When you're collaborating with multiple people on a Microsoft Word document, it may be helpful to mark a draft as FINAL to prevent further edits. To do this in Word 2010, to to the File tab and under the Info options select "Protect Document" and "Mark as Final". This lets other readers know that this is a final draft. When they open the document, they'll see a yellow banner across the top that says "An author has marked this document as final to discourage editing". Note that discourages editing, but the reader can go ahead and select "Edit Anyway" to make further edits.
Other options to protect the document include "Encrypt with a Password" so a password will be required to open the document. You can also "Restrict Editing" to restrict what kind of changes can be made to the document, either by tracking changes or by making the document "read only". If you decide to protect the document with a password, make sure you have a way to remember the password!
This is the time of year when many people travel. We have received a lot of questions recently about the latest email security threat: a new wave of "phishing" emails that are based on flight information notifications.
The emails vary, but as an example, one of the emails we looked at had a subject of "Your Flight Order" and some official looking numbers, with the content of the email containing the flight number, date and time of departure, airport name, price, and then a link to print the ticket. This link looks innocuous, but it actually goes to a foreign web site set up to steal information from you, or infect your system with malware.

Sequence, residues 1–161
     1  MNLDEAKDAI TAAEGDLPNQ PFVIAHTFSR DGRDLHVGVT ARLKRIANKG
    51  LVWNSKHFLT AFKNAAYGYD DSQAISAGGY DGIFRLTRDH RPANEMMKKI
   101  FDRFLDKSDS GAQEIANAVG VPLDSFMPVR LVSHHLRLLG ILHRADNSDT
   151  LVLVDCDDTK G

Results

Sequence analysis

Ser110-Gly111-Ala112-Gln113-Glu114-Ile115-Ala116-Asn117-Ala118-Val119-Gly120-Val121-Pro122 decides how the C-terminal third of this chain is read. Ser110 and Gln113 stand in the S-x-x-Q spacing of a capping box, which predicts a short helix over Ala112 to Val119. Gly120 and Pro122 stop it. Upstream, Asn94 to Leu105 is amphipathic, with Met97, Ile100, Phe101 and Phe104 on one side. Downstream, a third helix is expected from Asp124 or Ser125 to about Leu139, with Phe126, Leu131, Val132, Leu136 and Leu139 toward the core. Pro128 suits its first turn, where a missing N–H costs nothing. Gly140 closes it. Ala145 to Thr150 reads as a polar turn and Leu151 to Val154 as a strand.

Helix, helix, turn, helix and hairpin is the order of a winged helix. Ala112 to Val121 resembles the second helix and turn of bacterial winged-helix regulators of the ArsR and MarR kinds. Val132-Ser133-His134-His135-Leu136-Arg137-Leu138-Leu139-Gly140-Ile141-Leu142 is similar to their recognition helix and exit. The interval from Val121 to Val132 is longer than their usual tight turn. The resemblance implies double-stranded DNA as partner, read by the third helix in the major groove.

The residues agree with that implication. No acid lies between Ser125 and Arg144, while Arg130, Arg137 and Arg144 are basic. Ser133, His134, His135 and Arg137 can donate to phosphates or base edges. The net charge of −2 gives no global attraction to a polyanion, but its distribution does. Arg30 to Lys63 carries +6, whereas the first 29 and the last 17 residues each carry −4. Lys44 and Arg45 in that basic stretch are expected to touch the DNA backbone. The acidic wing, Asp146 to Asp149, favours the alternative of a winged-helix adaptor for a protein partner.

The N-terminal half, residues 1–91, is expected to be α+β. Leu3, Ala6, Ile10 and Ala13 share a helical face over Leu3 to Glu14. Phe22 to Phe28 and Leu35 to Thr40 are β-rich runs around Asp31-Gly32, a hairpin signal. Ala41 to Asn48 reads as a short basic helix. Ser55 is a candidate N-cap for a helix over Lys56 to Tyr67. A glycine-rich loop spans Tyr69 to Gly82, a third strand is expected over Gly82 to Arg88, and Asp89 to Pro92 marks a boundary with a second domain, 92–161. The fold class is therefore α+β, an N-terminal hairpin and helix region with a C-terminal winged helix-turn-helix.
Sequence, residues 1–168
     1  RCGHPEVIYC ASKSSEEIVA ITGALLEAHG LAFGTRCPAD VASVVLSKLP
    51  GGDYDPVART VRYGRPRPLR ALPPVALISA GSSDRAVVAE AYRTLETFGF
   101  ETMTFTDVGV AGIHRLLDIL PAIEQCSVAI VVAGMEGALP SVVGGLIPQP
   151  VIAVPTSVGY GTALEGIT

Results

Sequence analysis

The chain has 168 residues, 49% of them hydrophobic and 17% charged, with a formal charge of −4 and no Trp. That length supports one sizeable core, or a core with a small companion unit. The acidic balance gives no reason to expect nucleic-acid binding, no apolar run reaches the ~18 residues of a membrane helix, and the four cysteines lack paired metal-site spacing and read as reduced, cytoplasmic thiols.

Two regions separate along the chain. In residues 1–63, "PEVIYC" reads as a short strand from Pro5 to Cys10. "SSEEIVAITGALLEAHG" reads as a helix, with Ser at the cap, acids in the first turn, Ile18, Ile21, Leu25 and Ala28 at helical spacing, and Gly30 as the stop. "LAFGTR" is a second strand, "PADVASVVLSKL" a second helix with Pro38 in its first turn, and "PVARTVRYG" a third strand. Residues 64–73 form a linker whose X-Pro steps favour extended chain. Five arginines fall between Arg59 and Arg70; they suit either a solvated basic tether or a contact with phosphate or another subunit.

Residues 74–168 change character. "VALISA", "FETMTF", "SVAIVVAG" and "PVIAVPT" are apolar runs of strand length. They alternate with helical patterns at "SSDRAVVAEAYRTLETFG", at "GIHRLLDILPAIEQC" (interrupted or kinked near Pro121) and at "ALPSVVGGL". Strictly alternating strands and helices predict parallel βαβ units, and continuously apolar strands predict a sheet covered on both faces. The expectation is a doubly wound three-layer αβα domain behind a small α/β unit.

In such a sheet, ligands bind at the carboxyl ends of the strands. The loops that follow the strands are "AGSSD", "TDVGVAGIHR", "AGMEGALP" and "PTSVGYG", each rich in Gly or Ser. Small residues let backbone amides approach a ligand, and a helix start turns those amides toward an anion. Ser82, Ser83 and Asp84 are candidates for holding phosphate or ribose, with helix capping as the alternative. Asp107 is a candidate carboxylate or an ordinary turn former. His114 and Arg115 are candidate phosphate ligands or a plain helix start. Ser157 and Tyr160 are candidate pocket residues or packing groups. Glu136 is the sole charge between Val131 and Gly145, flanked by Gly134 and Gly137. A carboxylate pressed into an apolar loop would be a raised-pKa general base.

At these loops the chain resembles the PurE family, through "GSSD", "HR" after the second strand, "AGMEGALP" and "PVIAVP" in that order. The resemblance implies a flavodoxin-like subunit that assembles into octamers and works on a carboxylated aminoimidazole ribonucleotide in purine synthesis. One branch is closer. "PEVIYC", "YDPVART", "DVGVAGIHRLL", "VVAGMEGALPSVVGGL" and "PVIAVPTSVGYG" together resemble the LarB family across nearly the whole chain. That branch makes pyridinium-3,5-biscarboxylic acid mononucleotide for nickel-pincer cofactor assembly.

What a lot of people may not know is that a link in an email can say anything, and be coded to go to an entirely different location. The "bad guys" are basically trying to get you to click on the link. You may have travel plans and quickly click on the link because you think it's your real ticket, or you may be curious because you think your credit card may have been breached ("who bought this ticket and why am I getting the notification?"). With "social engineering" the emails look familiar, so people unknowingly click on the links. Other recent phishing scams involved package shipment notifications and ACH bank transfer notifications. Because the actual text of the email is innocuous, these scams will often get through spam filters when the new wave first appears, until the spam filter definitions catch up.
Delta airlines has a link on their web site alerting folks about the phishing email alert if you want to read more. The US Computer Emergency Readiness Team (CERT) has a posting on their website of a number of holiday phishing and malware threats. The Federal Trade Commission's Phishing Scam Page also has a lot of excellent information about how to protect yourself form on-line threats.
ALWAYS be aware when reading your mail. Don't click on any links in emails that are questionable.